Monday, July 5, 2010

Famous Birthday - July 6 - Nancy Davis Reagan

Nancy Davis Reagan (born Anne Frances Robbins on July 6, 1921) is the widow of former United States President Ronald Reagan. Nancy Reagan served as First Lady of the United States from 1981 to 1989.

Anne Frances Robbins was born on July 6, 1921 in New York. Her parents divorced not long after her birth and she was raised by an aunt and uncle in Maryland while her mother was busy pursuing an acting career. Her mother married a neurosurgeon (Loyal Davis) in 1929 who legally adopted Anne Frances Robbins in 1935 and her name was legally changed to Nancy Davis. Nancy Davis got along quite well with her stepfather and spoke highly of him. After going through school, Nancy attended Smith College in Massachusetts where she majored in English Drama and graduated in 1943. She later quoted ‘I must say acting was good training for the political life which lay ahead for us.’

Nancy pursued an acting career in Hollywood in 1940's and 50's and in 1952 she married Ronald Reagan, then the president of the Screen Actors Guild. They had two children together. Her husband was Governor of California from 1967 to 1975.

Ronald Reagan was sworn in as the 40th President of the United States of America in 1981. Shortly after arriving at their new residence Nancy Reagan went about repairing and updating the somewhat threadbare White House and brought back a sense of glamour and formality to her new residence. While she was criticized for some of her methods (replacing the china for instance apparently ruffled a lot of feathers), it also attracted a great deal of attention.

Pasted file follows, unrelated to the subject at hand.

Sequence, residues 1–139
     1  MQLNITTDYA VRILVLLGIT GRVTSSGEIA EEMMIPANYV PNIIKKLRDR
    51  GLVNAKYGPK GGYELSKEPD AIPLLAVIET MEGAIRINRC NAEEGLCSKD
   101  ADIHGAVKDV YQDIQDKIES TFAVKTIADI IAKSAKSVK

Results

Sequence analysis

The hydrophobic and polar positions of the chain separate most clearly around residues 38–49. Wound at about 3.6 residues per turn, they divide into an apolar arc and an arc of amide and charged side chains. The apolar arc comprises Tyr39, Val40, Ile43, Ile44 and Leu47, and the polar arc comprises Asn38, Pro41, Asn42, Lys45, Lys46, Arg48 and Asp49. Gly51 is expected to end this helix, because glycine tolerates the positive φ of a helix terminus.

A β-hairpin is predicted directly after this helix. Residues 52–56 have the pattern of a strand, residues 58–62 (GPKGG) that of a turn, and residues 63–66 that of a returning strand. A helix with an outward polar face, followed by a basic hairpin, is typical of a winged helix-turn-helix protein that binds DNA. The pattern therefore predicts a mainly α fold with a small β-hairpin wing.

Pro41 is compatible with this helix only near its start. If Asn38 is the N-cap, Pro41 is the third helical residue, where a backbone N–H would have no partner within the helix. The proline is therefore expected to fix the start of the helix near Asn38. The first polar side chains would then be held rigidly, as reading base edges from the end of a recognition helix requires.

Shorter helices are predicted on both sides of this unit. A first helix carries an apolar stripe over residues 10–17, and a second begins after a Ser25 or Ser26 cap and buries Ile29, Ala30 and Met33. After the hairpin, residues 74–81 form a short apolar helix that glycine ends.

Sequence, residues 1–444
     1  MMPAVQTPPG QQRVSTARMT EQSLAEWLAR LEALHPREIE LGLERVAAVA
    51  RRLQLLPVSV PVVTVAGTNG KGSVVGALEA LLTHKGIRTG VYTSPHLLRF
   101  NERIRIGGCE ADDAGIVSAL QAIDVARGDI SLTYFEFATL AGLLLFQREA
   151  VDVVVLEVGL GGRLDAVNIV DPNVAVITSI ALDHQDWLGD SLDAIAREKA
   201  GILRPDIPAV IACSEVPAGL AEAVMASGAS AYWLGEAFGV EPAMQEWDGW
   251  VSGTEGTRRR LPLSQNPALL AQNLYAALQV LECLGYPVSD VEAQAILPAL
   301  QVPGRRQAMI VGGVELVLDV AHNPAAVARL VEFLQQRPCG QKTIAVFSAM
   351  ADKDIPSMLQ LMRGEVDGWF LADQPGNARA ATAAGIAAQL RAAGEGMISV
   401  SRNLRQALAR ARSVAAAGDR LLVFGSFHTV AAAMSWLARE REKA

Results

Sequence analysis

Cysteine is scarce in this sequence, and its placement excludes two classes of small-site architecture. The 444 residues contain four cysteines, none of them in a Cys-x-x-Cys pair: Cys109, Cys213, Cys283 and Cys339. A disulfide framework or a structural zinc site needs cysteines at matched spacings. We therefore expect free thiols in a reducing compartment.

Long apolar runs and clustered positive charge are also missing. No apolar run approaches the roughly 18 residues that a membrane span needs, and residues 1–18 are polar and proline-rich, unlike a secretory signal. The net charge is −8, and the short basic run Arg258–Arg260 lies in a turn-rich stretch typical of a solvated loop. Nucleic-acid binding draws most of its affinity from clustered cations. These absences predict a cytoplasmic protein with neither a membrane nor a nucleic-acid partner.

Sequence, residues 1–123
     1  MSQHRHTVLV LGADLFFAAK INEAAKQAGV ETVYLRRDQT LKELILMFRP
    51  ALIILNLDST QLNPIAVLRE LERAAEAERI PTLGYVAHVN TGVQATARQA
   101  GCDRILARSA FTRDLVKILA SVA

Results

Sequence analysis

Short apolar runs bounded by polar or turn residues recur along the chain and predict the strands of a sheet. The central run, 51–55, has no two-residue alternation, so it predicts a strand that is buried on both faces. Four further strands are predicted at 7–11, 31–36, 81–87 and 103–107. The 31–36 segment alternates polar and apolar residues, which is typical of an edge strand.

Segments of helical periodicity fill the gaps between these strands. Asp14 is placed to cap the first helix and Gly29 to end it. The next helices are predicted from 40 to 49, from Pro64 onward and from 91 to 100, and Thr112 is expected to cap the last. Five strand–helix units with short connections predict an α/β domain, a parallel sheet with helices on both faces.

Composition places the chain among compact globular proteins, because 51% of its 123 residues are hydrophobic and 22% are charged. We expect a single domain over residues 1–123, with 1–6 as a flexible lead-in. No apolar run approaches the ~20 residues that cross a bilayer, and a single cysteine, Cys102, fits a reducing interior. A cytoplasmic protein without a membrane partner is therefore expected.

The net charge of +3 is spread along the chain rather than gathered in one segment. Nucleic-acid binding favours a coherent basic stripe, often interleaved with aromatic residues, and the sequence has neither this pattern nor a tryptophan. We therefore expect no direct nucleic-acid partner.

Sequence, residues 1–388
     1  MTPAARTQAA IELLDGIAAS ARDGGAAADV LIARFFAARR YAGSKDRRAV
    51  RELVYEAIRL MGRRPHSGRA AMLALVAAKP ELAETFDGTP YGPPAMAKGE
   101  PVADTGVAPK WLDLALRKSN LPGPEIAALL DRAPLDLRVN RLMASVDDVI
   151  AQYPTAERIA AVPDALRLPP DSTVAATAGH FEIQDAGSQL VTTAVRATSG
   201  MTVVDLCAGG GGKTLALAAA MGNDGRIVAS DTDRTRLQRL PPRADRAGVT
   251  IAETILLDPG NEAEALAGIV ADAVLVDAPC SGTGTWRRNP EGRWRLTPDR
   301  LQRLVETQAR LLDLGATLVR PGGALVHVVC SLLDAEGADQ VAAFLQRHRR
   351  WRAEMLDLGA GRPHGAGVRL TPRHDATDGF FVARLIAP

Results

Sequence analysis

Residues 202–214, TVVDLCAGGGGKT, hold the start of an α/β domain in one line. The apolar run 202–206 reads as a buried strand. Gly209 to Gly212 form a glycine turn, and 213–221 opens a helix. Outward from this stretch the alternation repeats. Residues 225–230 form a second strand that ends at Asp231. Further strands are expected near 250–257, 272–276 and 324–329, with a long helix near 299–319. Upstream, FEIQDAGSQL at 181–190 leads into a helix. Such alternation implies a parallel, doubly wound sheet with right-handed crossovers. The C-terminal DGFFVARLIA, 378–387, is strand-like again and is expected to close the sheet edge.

Nancy Reagan wasn’t content to only bring back high end fashion to the White House. One of her most notable contributions as the First Lady was the founding of the "Just Say No" drug awareness campaign.

Nancy and Ronald Reagan retired to their home in Bel Air, Los Angeles, California in 1989 where Nancy devoted most of her time to caring for her ailing husband who in 1994 was diagnosed with Alzheimer's disease. He passed away in 2004 but Nancy Reagan remained active within the Reagan Library and in politics, particularly in support of stem-cell research.

You can read a lot more in detail about Nancy Reagan on Wikipedia and other sites on the Internet. Please make sure to have your parents’ permission before you do so.

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